Several crypto investors are flocking to El Salvador, the only country so far to legalize the BTC use for transactions. While the use of bitcoin is quite attractive, that is not a strong enough reason to capture the attention of the skyrocketing number of crypto investors in the jurisdiction.
Based on findings, the main reason for the influx is the planned Bitcoin City project revealed by President Nayib Bukele. Ever since he disclosed the plan, a high influx has been recorded, with investors debating the potential of investing in the ambitious project.
Bitcoin City Looks Promising
Alongside his revelation about Bitcoin City, Bukele also revealed the issue of bitcoin bonds to fund the project. The city will be situated in the area of Colchagua Stratovolcano. Unfortunately, the issue of bonds is on hold until further notice due to the market instability of the flagship coin.
Colchagua Stratovolcano is a mountainous area with excessive geothermal energy. The city will capitalize on the energy to mine bitcoin that will be used by the residents to pay taxes.
The project’s 3D rendering – a circuitous area with a plaza, is enough to show how promising it is if completed. It’s no wonder that crypto millionaires are moving to the region. If finally completed, the city will present a perfect opportunity for early adopters, with crypto-friendly regulations, low taxation, and minimal regulatory oversight.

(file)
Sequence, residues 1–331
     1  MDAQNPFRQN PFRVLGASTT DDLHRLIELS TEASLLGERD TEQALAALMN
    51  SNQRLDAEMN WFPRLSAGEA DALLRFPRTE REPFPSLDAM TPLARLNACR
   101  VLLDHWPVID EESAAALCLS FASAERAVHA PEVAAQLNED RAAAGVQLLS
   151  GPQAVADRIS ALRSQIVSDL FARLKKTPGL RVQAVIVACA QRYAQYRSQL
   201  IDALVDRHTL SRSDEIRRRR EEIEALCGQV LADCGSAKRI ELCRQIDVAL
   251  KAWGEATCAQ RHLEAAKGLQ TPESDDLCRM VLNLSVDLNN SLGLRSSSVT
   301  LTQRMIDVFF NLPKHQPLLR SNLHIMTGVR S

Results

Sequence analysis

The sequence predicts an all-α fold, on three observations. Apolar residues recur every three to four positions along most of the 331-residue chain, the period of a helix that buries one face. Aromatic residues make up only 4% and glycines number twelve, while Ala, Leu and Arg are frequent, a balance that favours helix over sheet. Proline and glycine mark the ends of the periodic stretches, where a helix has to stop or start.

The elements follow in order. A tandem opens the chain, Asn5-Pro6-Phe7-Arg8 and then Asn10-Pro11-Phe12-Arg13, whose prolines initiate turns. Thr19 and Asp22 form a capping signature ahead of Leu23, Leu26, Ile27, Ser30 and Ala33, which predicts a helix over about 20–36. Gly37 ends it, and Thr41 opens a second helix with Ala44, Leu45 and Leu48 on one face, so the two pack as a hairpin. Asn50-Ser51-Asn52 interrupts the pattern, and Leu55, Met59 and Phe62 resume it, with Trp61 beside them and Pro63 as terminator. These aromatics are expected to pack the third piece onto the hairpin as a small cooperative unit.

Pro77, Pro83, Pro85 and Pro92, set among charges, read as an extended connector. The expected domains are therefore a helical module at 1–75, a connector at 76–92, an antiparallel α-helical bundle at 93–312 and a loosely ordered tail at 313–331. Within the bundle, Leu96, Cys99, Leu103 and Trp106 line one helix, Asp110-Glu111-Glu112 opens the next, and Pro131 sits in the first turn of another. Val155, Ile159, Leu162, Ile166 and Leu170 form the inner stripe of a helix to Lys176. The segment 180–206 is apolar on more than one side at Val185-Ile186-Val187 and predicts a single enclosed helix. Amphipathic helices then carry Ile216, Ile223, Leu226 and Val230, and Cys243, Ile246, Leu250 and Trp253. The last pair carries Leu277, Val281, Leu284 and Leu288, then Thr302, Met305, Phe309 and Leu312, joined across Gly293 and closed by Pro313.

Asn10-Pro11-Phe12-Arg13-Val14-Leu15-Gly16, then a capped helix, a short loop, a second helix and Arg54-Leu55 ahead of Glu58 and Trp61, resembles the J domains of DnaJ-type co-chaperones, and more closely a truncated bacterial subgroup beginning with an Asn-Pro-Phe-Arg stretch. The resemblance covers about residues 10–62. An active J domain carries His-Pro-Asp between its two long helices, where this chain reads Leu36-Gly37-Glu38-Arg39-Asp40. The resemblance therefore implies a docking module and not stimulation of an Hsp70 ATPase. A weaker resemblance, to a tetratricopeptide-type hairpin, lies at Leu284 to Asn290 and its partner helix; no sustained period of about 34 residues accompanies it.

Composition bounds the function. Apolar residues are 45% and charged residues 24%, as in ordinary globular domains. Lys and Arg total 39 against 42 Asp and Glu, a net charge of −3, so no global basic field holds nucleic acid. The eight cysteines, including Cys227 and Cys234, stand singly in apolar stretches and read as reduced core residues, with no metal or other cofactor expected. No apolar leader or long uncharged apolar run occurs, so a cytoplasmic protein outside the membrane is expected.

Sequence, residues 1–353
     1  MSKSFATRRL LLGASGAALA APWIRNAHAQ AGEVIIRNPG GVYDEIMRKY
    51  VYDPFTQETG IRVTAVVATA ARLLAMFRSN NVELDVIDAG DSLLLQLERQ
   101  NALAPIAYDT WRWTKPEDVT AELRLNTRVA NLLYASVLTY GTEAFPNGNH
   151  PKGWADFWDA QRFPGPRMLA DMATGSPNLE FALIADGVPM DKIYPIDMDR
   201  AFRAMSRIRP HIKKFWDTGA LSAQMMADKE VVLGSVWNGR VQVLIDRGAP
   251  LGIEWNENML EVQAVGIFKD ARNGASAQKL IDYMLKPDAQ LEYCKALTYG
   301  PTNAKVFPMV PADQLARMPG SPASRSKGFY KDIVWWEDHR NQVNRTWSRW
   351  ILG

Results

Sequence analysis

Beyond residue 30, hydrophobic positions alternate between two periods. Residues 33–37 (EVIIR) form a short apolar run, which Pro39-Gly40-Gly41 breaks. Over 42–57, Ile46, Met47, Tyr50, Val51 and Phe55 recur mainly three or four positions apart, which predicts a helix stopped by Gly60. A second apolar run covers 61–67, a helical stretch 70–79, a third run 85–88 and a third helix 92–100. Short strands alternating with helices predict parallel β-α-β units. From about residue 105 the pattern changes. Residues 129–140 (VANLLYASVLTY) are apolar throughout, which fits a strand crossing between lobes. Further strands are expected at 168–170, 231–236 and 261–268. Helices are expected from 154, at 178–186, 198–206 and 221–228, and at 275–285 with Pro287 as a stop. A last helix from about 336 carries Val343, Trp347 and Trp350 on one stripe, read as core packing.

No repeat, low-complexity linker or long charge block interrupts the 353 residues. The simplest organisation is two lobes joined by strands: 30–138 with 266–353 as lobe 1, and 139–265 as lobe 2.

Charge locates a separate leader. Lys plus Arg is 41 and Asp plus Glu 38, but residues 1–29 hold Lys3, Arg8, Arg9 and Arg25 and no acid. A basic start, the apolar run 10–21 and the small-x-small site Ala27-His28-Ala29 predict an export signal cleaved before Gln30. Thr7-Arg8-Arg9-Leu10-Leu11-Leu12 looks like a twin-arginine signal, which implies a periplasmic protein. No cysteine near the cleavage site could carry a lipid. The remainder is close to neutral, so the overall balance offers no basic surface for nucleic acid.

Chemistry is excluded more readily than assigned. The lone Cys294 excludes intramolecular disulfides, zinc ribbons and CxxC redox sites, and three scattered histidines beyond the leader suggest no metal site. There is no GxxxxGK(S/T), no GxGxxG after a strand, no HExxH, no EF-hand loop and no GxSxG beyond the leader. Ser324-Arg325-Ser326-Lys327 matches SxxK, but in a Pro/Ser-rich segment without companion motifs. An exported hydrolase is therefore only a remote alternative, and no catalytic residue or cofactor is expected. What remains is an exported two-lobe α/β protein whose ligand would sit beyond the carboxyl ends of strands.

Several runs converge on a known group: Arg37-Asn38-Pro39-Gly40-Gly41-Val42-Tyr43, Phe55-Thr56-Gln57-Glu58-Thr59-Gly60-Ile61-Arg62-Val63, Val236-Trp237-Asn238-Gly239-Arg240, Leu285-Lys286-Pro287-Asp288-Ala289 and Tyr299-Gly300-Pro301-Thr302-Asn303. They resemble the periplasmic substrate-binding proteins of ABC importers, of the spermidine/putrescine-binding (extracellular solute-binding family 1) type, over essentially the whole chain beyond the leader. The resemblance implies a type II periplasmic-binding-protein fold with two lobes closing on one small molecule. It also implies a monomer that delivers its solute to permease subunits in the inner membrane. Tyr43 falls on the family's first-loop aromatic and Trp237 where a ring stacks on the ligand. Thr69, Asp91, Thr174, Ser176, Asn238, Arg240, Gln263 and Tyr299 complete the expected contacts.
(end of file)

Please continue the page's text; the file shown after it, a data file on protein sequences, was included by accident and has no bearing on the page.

Investors Are Offering Locals Massive Amounts for Land Around the Area
Reports from El Salvador show that investors from Europe and other regions are offering as much as x5 of the land price to residents living around the area. It’s discovered that these investors want to avoid dealing with the government directly for fear of delay and scrutiny.
So far, the only investor dealing with El Salvadoran officials is Brock Pierce, the head of the Bitcoin Foundation. Pierce, like other investors, has developed a keen interest in investing in the project and is in advanced talks with the government.
But, some locals are adamant about selling their parcels of land to wealthy investors. For instance, owner of the Mountain Spirit Resort, Luiz Diaz, revealed he got offers that were x3 higher than the amount he paid for the land where the resort is erected.
However, he’s afraid that the government might coerce them to vacate the land, considering that state laws permit them to seize the land for whatever use. Like Diaz, some locals are worried that they might forfeit their land to the government.
While some El Salvadorans appreciates Bukele’s plan and think it could alleviate the country from high indebtedness and poverty, thousands of El Salvadorans believe that the president’s approach is totalitarian. This has been manifested in several organized protests.